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DNA Fingerprinting: Three Innovative Uses

written by: •edited by: Paul Arnold•updated: 12/13/2009

DNA Fingerprinting has been successfully used to hunt down hundreds of criminals. First employed in the courtroom more than 20 years ago, it's now an integral crime fighting tool. But it has had other uses too, including the tagging of Super Bowl footballs, and confirming the body of a dead Nazi.

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    Sir Alec Jeffreys was the scientist who invented DNA fingerprinting. It is a versatile technology with many applications including identifying harmful bacteria, studying historic patterns of migration, fighting fraud, and parentage testing. In fact its first ever use was to solve an immigration dispute between a Ghanaian family and the British government. Here are three further innovative applications of DNA fingerprinting technology.

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    Josef Mengele

    DNA fingerprinting was employed to identify the skeletal remains of Dr Josef Mengele, the Nazi doctor who performed experiments on hundreds of thousands of victims of Nazi oppression. He was known as the 'Angel of Death' by prisoners at Auschwitz-Birkenau concentration camp. When WW11 ended he was caught by the Allies, but eventually freed (his captors did not know who he really was) and ultimately he became one of the world's most wanted war criminals. In 1990 Alec Jeffreys was asked to help with the examination of the bones of a man who had drowned in 1979, and had been buried in Sau Paulo in Brazil. DNA was extracted and compared with DNA from Mengele's wife and son who were living in Germany. A 99.9 per cent match was returned, which confirmed that the bones did indeed belong to Mengele.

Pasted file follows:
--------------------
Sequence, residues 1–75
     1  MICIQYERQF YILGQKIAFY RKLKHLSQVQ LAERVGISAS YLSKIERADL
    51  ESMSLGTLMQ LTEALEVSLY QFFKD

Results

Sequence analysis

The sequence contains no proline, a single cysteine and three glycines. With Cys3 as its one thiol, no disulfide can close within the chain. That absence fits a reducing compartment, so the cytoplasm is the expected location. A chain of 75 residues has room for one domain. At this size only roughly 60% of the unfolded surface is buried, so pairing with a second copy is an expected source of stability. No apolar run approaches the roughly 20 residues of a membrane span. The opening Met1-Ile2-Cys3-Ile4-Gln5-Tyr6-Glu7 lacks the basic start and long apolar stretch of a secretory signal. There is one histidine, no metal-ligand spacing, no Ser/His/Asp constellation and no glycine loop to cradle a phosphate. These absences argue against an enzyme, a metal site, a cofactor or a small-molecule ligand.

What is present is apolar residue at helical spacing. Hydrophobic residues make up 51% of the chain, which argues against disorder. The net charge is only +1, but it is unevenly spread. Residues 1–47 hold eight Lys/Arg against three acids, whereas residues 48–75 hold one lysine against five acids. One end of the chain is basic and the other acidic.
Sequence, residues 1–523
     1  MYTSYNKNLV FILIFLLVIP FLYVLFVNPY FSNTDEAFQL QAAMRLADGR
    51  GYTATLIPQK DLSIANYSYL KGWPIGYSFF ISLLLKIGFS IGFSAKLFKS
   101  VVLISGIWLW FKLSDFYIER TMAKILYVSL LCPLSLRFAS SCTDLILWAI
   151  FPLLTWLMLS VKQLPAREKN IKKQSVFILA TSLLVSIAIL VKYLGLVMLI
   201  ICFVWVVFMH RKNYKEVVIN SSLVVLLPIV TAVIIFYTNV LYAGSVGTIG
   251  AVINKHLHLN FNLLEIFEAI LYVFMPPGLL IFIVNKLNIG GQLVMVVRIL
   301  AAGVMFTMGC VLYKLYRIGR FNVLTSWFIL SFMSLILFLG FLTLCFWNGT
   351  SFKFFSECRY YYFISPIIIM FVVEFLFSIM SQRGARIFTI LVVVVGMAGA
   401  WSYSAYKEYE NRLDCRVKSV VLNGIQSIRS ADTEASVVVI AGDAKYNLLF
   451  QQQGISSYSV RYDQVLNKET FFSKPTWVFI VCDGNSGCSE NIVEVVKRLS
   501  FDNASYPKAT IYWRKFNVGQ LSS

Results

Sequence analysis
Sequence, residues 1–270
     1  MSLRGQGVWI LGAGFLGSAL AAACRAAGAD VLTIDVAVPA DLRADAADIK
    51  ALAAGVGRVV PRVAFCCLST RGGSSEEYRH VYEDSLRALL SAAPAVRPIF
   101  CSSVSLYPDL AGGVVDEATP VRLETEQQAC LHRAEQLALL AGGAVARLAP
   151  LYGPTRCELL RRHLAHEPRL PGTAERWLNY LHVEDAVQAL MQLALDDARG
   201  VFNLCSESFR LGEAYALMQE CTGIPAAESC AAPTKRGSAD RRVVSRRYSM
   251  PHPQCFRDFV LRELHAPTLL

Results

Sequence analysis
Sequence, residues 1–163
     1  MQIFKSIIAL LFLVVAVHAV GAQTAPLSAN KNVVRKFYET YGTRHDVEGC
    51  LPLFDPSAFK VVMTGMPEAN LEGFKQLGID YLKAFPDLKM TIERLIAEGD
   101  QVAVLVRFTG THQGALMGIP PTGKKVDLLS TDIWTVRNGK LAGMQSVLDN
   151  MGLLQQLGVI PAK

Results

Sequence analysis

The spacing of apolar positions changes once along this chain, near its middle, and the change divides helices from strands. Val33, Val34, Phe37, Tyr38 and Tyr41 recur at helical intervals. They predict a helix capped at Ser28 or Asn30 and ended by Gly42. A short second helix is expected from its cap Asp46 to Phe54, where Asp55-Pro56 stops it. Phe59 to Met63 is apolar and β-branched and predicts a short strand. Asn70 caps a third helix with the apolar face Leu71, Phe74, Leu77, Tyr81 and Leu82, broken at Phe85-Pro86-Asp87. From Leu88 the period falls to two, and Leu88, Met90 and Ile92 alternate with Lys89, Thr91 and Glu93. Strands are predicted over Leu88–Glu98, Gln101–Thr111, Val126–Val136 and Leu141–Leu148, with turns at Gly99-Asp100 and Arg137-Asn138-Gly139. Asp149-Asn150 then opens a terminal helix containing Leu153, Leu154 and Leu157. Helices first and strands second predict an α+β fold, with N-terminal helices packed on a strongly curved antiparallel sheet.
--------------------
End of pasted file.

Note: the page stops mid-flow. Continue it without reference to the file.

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    Russian Royals and DNA

    When the remains of several bodies were found in two graves near the Russian city of Yekaterinburg it was thought that they might belong to the Romanovs, Russia's last royal family. They were murdered by the Bolsheviks in 1918, but the whereabouts of their bodies had remained a mystery. Confirmation came through DNA analysis of the bones. Samples were taken and compared with living members of the Romanovs. DNA testing also solved the mystery of Anna Anderson who during her life had claimed to be Anastasia, the youngest daughter of the Tsar, and his wife.

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    DNA Fingerprinting and Super Bowl

    NFL employed DNA fingerprinting technology for all Super Bowl XXXIV footballs. They created a synthetic DNA barcode for a unique identification system. The aim was to combat counterfeiting so that buyers could be sure that they had purchased the real thing.

    DNA fingerprinting works because of the unique ordering of the bases that make up each DNA strand.